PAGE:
DISCUSSION #2: WORKING WITH COLORRead More
Topic #1 – A Colorful Lawsuit
In 2013, T-Mobile sued AT&T because of a color. Read this article from the Washington Post and see if you can figure out what happened.
Topic #2 – Hexadecimal Values & Hex Triplets
By now, you should know that browsers do not always display websites in the same way. A page may look very different in Google Chrome when compared to Firefox. For this reason, not all browsers will understand what you mean if you write out the name of a rare color like violet, gold, or honeydew. Click here to see a variety of different color names.
Instead of using those rare and sometimes very strange color names, all browsers now look for 6-digit hexadecimal value combinations of Red, Green, and Blue (RGB). And since there are three different colors being mixed together, these 6-digit hexadecimal values are sometimes just called hex triplets (six digits broken into three colors). Click here to see these hexadecimal values and hex triplets in action.
Topic #3 – The Basics of a Color Palette
If you think of a painter standing at a blank wall, you can probably imagine a tray of different colors the painter might wish to use. That tray would be called a palette because it contains a range of colors. In the same way, when you pull out all the most important colors from an image, the range of most used colors in a design is called a palette.
Obviously, a website with no color is boring. But a website with too much color or clashing colors can be overwhelming. So it isn’t good enough to just pick random colors for your design and hope they work. One of your most important decisions as a web designer is to choose colors that are not only appropriate for your design, but colors that actually look good together. Fortunately, the web is full of useful tools for doing just that. Below are a few great examples.
- Color Blending Tool #1: Paletton: Color Scheme Designer (Great Monochromatic Colors)
- Color Blending Tool #2: Adobe: Kuler Color Wheel (Great for Every Color Combination)
- Color Blending Tool #3: Adobe: Kuler Pre-Made Combinations (Great for Getting Ideas)
- Color Blending Tool #4: Sessions: Color Calculator (Not Awesome, but Still Very Useful)
Topic #4 – Color from an Image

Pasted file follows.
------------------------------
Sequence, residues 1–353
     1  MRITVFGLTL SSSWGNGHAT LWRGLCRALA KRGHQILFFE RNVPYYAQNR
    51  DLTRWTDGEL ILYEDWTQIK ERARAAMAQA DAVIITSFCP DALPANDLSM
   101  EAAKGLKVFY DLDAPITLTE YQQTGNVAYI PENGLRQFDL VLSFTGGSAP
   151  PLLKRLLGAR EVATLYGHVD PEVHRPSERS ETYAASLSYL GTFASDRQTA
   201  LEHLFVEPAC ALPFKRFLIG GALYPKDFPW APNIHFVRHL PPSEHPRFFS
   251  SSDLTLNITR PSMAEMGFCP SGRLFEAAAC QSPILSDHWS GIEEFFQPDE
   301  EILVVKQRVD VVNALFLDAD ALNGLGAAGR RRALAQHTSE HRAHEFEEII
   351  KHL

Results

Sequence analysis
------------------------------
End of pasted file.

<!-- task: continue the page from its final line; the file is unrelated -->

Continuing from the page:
Every photograph, even if it is in black and white, has a wide range, or palette, of colors. So imagine you want to use a beautiful image of a red rose as your background. You could pick a random shade of red or green to use for some of the text, links, borders, or shadows on your site, but what if you could find the exact colors in that image and use those instead? Wouldn’t that be better for your design than picking random reds and random greens? Try copying the URL of the red rose picture in this paragraph and pasting it into a Color Palette Generator.
You can also pull colors out of the images in your own folders. Below are a few easy tools for grabbing color from one of your own images. Try using these tools to pull colors from the country images that you used on your last project.
Topic #5 – Assignment: Building a Color Palette
Create a new Notepad document (the old fashioned program) and save it as “pal.txt” in your “misc” folder. You are going to use this document as a way to write and store a list of color palettes for later use.
During the next lesson, you will be building a three page website in black and white, then you will have an opportunity to style your site with appropriate colors either from one of the palettes you save here or from one of the images you use on that day. This is only the first part of the assignment. Applying your color palette is the second and most important part.
Below is a video that better explains the concept of RGB as a way to display color. This will play in the background while you work on setting up a few color palettes.